Customer Reviews

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Most Helpful Customer Reviews

59 of 71 people found the following review helpful By John W. Kelly on March 13, 2010
Format: Paperback
I've enjoyed several of Paul McAuley's novels, and bought this book the instant I saw it. The back cover promised an exciting, intelligent story. After 70 pages I did something I rarely do--I put it back on the shelf. This book needed a strong editor.

If the following excerpt from page 68 excites you, or if you love Kim Stanley Robinson's novels, or if you have a lot of time and patience, you would probably like this novel.

"Soil was not a random mixture of inorganic, organic and living material; it was highly structured at every level, fractally so. Stratified and textured and dynamic, it supported a myriad complex chemical reactions that were still not completely understood, mediated by soil water and air moving through pore spaces that occupied up to fifty percent of soil by volume. Soil water also transported material through processes such as leaching, eluviation, illuviation and capillary action, and supported a rich and highly diverse biota--hundreds of varieties of soil bacteria of course, and cyanobacteria, microalgae, fungi, and protists, as well as nematodes and worms, and insects, and other small arthropods--that recycled macro- and micro-nutrients, decomposed organic material, and mixed and transported and aerated mineral and organic components. In natural conditions on Earth, it took about four hundred years to produce a centimetre of topsoil; a thousand years to produce enough to support agriculture...."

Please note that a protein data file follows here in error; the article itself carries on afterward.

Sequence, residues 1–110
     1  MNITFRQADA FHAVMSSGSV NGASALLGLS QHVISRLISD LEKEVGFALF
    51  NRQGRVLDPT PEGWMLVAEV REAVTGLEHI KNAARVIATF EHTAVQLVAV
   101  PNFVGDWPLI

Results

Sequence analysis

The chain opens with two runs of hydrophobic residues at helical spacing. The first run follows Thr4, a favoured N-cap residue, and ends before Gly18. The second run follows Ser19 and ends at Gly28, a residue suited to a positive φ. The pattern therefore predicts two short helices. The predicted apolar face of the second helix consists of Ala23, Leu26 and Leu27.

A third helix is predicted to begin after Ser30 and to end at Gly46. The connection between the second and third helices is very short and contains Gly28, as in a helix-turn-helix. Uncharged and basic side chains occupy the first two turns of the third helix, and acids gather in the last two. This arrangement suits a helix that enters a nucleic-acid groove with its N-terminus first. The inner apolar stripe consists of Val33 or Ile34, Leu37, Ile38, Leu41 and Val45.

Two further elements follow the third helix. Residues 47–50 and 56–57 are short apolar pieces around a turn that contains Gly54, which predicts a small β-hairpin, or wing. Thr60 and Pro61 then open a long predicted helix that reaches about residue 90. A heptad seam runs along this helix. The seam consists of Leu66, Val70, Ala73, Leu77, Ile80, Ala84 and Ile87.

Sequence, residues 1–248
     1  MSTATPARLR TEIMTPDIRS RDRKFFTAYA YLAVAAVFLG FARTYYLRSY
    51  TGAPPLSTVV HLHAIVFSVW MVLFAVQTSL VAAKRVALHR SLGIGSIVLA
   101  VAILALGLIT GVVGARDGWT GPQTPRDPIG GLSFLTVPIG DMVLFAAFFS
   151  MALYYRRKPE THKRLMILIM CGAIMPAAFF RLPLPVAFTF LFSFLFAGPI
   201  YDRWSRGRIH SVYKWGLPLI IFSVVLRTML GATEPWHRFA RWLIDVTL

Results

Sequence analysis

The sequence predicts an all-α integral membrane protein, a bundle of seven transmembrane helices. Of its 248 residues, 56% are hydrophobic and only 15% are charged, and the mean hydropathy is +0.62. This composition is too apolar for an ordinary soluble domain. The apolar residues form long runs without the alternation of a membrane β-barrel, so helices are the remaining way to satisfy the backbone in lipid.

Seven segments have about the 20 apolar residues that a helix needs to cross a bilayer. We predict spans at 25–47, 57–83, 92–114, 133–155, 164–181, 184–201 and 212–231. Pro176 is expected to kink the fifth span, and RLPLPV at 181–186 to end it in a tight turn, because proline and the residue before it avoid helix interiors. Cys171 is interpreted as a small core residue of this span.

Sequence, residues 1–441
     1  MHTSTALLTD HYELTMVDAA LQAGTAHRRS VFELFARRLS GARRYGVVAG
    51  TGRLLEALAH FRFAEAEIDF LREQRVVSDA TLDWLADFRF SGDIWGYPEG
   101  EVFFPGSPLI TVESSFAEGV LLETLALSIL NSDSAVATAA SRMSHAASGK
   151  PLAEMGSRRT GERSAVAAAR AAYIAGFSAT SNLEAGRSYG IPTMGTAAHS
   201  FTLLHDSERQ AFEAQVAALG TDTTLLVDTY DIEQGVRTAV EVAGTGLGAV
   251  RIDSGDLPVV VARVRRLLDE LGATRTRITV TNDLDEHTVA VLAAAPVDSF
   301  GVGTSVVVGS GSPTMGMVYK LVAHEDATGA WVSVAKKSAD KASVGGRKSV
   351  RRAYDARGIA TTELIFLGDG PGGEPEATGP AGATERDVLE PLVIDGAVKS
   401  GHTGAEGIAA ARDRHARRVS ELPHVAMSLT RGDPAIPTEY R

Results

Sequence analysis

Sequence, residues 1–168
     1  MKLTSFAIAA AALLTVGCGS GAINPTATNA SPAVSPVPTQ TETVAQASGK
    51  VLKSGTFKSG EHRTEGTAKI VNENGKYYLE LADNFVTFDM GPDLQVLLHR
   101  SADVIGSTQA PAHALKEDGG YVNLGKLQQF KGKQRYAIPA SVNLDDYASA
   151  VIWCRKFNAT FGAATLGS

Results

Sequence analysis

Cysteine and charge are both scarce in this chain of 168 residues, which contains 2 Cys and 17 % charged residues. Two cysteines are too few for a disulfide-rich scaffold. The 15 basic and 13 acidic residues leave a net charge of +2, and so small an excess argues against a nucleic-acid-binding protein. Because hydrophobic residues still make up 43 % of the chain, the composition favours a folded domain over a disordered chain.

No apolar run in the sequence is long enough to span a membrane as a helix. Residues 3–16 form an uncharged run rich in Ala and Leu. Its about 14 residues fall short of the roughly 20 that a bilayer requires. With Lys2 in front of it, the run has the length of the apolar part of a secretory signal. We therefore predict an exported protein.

I see that there is a sequel to this novel. If passages like those above had been excised, and the exposition tightened up, perhaps the story could have been told in one better volume.
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34 of 41 people found the following review helpful By The Mad Hatter VINE VOICE on September 8, 2009
Format: Paperback
The Quiet War is Space Opera that hits close to home and is surprisingly digestible with its pacing. I find many Space Opera's a bit overdone, but that is not the case here. In fact this is the first must-read Sci-fi book of the year. The Quiet War having already been nominated for the Arthur C. Clarke Award is quite deserving.

Earth and the outer separatist colonies have been at odds for the past 200 odd years. Earth is recovering from a planetary wide environmental collapse, which seems all too feasible presently. A Green fervor has taken hold of the people and the politics as they have repairing the planet, which leaves all of the power to the most wealthy families. The colonies exists as an egalitarian societies loosely connected, where debates run rampant and action is slow.